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Thread: Binary Search

  1. #1
    Senior Coder twodayslate's Avatar
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    Binary Search

    How many times would the binary search (O(logn)) loop, assuming you did not find the data, if:
    n = 10? 3
    n = 100? 6
    n = 1000? 12
    n = 10,000? 18
    n = 100,000? 24
    n= number of elements in array. My answers are above. Are they correct?
    Last edited by twodayslate; 09-08-2008 at 01:46 AM.
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    I got:
    1
    2
    3
    4
    5

    But it has been a while since I've done big O notation so I might have goofed it up.
    OracleGuy

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    @oracleguy: log in cs typically denotes the natural log (aka ln)

    Here are the answers.

    10 : 3
    100 : 5
    1000 : 7
    10000 : 10
    100000 : 12

    EDIT: should be "denotes the log base 2" Thus my answers are wrong for log base 2.
    Last edited by Trinithis; 09-08-2008 at 11:40 PM.
    Trinithis

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    Regular Coder ralph l mayo's Avatar
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    ...but the actual worst-case performance of the binary search is the binary logarithm of n, O(log2 n). Trick question?

    ceil(log2 n == log n/log 2) =
    10 => 4
    100 => 7
    1000 => 10
    10000 => 14
    100000 => 17

    (the answer is supposed to round up, right? the actual number depends on which bound the missing search value is closest to and how the implementation rounds when picking midpoints.)
    Last edited by ralph l mayo; 09-08-2008 at 09:23 AM.

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    lol everyone has a diffferent answer..id help if i knew how

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    Quote Originally Posted by Trinithis View Post
    @oracleguy: log in cs typically denotes the natural log (aka ln)
    Oh ok; that is kind of dumb. If it is supposed to be the natural log why not just write ln and be mathematically correct?
    OracleGuy

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    Because just writing log you don't tell anybody which logarithm you're talking about - the default assumption is for that reason the most useful one, in other words the natural logarithm.

    Which logarithm do you consider a better default? Decimal? Binary? The binary logarithm is at least somewhat useful for many algorithms, the decimal logarithm less so.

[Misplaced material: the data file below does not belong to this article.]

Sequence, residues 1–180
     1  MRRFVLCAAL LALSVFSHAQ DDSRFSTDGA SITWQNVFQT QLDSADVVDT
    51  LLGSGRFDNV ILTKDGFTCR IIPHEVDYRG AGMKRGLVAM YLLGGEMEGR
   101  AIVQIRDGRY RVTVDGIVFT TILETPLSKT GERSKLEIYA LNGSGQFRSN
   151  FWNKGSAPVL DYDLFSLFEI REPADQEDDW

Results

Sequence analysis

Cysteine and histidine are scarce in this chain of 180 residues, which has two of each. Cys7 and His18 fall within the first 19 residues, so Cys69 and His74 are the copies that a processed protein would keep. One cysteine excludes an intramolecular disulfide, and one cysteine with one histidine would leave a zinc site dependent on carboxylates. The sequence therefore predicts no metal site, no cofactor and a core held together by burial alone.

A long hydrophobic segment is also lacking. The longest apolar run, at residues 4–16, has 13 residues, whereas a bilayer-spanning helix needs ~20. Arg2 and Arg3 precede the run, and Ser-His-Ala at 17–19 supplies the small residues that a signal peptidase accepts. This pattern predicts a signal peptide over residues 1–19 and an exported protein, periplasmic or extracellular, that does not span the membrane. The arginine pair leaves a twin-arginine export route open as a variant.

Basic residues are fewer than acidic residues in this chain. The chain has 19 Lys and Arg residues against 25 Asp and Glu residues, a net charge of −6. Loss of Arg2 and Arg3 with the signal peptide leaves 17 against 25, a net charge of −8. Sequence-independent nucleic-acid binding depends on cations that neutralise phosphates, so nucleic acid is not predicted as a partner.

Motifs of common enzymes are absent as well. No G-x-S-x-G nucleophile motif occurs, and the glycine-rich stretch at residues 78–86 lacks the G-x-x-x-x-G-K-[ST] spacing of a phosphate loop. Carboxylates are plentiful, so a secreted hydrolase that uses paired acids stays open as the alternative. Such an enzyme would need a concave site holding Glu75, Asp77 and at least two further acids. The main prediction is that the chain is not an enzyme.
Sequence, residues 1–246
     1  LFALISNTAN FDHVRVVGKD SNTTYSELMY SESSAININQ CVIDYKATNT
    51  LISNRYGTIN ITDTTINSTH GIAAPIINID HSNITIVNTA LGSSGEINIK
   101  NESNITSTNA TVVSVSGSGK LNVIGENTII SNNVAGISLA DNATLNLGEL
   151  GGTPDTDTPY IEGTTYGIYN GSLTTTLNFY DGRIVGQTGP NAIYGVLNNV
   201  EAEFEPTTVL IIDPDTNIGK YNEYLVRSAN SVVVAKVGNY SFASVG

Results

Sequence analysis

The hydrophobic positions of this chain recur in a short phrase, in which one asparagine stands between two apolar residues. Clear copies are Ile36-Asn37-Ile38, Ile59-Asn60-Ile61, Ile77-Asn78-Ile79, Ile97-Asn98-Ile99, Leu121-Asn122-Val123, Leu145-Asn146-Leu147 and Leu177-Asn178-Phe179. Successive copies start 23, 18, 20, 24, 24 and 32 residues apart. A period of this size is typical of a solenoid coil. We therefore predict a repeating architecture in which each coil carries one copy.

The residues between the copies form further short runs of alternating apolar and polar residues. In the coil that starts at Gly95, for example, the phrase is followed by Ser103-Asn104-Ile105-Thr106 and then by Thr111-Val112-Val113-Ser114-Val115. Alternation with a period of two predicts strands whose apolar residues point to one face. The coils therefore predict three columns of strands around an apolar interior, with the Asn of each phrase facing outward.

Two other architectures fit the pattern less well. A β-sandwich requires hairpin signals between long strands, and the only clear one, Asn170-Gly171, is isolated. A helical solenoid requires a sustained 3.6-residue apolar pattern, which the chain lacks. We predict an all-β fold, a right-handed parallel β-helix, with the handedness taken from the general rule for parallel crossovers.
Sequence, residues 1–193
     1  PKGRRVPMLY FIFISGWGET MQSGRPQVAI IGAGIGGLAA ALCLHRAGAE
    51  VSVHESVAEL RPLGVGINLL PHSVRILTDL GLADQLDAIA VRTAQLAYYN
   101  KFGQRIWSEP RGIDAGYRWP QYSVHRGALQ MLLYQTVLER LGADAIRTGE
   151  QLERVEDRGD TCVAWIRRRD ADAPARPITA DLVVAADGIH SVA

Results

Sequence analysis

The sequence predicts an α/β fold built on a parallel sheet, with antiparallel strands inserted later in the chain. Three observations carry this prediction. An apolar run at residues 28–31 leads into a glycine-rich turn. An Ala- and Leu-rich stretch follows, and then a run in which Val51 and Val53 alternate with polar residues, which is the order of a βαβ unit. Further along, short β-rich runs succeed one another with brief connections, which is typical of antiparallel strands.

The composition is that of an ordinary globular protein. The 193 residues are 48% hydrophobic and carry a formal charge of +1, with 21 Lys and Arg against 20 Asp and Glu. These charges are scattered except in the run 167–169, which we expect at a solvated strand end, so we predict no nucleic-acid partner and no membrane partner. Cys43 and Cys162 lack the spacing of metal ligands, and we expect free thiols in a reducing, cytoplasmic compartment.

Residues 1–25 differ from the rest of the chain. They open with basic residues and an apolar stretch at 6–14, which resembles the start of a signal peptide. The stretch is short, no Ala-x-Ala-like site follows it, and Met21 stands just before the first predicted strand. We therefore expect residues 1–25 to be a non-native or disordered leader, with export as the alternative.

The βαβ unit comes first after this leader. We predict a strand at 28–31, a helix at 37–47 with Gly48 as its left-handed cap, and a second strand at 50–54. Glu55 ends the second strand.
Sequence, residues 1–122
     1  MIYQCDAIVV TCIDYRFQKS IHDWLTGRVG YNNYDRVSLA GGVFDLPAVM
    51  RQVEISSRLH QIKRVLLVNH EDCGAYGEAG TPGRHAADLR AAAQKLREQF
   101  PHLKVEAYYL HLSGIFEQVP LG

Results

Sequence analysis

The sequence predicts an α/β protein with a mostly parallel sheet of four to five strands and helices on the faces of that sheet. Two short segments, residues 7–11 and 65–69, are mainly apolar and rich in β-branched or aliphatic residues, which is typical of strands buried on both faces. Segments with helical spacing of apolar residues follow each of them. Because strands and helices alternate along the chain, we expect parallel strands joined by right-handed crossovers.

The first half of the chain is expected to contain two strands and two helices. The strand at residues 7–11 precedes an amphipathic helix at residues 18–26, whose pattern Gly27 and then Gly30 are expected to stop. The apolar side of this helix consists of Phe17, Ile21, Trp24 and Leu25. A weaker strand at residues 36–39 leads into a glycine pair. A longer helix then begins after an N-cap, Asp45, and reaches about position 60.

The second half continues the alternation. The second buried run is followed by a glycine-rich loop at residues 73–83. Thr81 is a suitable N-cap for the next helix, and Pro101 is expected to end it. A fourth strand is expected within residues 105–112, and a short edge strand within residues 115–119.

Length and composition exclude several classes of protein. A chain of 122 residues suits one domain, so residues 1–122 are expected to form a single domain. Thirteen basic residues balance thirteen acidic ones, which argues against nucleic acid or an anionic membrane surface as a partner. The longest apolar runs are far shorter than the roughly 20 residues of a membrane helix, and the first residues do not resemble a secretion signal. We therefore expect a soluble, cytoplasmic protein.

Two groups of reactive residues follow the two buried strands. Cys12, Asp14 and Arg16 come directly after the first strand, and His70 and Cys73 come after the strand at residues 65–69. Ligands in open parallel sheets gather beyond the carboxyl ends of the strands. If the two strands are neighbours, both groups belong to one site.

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    Senior Coder twodayslate's Avatar
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    I have not learned decimal so IDK about that...

    So what is the right answer? ralph looks the closest...

    Here are the steps for 10?
    10
    5
    3
    1


    So 3 is correct?
    Last edited by twodayslate; 09-08-2008 at 11:22 PM.
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    Wow, I'm dumb too. I meant log base 2, not ln . . . and I did my calculations using ln instead of log2. ralph's answers are the ones I would use.

    Another reason why people just say log instead of log base x is due to the fact that big O (and family) factors out the constant factors and all logs are just some constant factor of one another.
    Trinithis

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    Regular Coder ralph l mayo's Avatar
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    Quote Originally Posted by twodayslate View Post
    I have not learned decimal so IDK about that...

    So what is the right answer? ralph looks the closest...

    Here are the steps for 10?
    10
    5
    3
    1


    So 3 is correct?
    No, the steps for 10 with that rounding scheme (ceil or closest, assuming the search is for 0) are:
    5
    3
    2
    1

    Or if it rounds to the floor:
    5
    2
    1

    100, ceil or closest:
    50
    25
    13
    7
    4
    2
    1

    100, floor:
    50
    25
    12
    6
    3
    1

    I'm pretty sure my numbers are correct for actual implementations of the binary search, but they don't reflect O(log n), rather O(log2 n).

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    Senior Coder twodayslate's Avatar
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    log base two n is correct.

    So technically there are two answers then?
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    Senior Coder twodayslate's Avatar
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    Ralph you are correct! Major props!

    10 => 4
    100 => 7
    1000 => 10
    10000 => 14
    100000 => 17
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